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In Old Aberdeen stands the King's College, of which the first President was Hector Boece, or Boethius, who may be justly reverenced one of the revivers of elegant learning. When he ftudied at Paris, he was acquainted with Erasmus, who afterwards gave him a public testimony of his esteem, by inscribing to him a catalogue of his works. The style of Boethius, though, perhaps not always rigorously pure, is formed with great diligence upon ancient models, and wholly uninfected with monastic barbarity. His history is written with elegance and vigour, but his fabulousness and creduli. ty are justly blamed. His fabulousness, if he was the author of the fictions, is a fault for which no apology can be made; but his credulity may be excused in an age, when all men were credulous. Learning was then rifing on the world ; but ages fo long, accustomed to darkness, were too much dazzled with its light to fee any thing diftinctly. The first race of scholars in the fifteenth century, and some time after, were, for the most part, learn. ing to speak, rather than to think, and were therefore more ftudious of elegance than of truth. The contemporaries of Boethius thought it fufficient te know what the ancients had delivered. The examination of tenets and of facts was reserved for another generation.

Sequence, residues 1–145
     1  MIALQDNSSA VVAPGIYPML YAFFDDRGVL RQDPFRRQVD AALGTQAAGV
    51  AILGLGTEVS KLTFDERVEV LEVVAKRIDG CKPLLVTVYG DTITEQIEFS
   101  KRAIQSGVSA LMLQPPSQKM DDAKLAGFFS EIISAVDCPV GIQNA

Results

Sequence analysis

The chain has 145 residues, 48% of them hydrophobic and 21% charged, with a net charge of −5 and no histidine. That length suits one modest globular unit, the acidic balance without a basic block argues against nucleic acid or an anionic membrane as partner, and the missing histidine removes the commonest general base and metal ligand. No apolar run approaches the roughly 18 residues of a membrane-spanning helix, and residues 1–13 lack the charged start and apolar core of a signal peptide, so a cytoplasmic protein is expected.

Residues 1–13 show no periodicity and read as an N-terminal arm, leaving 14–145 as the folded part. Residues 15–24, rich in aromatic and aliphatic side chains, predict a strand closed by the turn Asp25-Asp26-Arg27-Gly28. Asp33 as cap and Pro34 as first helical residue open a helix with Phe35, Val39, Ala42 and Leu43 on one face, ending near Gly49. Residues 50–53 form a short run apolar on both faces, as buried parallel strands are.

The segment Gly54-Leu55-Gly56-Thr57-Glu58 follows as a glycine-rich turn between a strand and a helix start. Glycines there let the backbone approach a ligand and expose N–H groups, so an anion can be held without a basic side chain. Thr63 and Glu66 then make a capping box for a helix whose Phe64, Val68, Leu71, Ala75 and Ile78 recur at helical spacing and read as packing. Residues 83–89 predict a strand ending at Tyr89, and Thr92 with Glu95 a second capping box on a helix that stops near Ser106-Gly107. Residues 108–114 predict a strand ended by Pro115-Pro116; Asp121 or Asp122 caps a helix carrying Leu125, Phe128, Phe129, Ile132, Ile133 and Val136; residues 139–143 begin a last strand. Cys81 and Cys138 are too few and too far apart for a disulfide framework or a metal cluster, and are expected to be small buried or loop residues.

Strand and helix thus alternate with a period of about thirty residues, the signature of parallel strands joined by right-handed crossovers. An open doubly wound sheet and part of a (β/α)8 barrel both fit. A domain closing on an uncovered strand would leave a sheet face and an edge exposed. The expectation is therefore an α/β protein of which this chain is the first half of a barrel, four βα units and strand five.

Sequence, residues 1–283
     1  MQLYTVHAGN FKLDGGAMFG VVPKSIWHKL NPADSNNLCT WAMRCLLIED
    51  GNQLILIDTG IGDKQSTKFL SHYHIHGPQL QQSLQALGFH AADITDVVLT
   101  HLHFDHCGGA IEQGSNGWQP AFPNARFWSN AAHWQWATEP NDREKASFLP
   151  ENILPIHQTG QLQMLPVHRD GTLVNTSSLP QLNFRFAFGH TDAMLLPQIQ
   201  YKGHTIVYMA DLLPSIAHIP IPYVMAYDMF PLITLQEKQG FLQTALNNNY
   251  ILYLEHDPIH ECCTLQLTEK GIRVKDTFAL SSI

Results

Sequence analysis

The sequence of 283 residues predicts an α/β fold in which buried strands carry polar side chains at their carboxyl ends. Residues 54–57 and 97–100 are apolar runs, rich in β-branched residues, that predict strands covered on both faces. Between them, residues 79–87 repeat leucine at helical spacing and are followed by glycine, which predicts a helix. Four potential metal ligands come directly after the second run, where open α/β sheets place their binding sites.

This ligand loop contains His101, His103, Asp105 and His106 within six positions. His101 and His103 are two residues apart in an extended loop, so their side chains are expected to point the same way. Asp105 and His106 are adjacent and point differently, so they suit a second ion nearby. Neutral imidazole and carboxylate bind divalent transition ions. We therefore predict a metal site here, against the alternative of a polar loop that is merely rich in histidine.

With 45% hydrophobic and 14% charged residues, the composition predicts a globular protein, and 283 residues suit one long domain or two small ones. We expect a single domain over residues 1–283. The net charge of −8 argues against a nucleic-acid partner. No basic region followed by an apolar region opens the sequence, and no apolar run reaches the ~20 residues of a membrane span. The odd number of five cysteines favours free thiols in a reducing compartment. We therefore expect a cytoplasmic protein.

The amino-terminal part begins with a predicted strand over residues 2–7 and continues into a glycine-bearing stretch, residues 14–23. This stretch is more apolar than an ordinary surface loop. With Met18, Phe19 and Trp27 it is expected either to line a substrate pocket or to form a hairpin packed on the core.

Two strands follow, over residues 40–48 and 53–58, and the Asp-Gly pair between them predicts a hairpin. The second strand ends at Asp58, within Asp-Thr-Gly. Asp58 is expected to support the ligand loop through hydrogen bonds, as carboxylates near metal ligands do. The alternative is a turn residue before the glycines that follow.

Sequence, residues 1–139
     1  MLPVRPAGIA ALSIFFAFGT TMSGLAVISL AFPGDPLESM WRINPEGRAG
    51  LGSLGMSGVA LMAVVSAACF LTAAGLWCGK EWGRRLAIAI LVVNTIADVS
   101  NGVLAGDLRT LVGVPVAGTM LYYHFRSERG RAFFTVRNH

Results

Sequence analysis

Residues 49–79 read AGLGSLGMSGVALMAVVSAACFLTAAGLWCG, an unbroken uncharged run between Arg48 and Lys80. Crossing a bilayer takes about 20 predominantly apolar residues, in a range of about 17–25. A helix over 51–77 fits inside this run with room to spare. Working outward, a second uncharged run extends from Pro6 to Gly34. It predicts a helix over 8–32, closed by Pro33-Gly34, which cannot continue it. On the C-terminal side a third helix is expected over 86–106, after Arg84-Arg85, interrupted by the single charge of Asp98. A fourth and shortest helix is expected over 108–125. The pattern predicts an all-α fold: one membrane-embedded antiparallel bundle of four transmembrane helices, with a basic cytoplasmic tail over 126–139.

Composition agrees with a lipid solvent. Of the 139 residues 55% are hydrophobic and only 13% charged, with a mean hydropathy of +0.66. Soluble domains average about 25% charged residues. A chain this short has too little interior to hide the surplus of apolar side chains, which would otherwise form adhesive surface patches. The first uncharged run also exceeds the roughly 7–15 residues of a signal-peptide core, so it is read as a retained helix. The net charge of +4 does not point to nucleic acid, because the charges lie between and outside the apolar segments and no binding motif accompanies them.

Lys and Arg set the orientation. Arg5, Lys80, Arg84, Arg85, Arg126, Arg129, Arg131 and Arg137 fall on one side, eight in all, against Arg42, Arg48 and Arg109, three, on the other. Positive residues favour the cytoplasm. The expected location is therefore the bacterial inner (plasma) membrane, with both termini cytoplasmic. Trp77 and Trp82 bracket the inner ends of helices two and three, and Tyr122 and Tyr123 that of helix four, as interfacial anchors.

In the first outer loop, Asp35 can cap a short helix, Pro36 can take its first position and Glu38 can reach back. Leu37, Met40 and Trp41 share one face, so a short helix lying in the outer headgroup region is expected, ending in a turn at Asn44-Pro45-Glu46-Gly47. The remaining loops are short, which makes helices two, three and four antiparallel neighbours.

Boethius, as president of the university, enjoyed à revenue of forty Scottish marks, about two pounds four shillings and fixpence of sterling money, in the
present age of trade and taxes, it is difficult even for the imagination fo to raise the value of money, or so to diminish the demands of life, as to fuppose four and forty shillings a year, an honourable ftipend; yet it was probably equal, not only to the needs, but to the rank of Boethius. The wealth of England was undoubtedly to that of Scotland, more than five to one, and it is known, that Henry the Eighth, among whose faults avarice was never reckoned, granted to Roger Ascham, as a reward of his learning, a pension of ten pounds an year.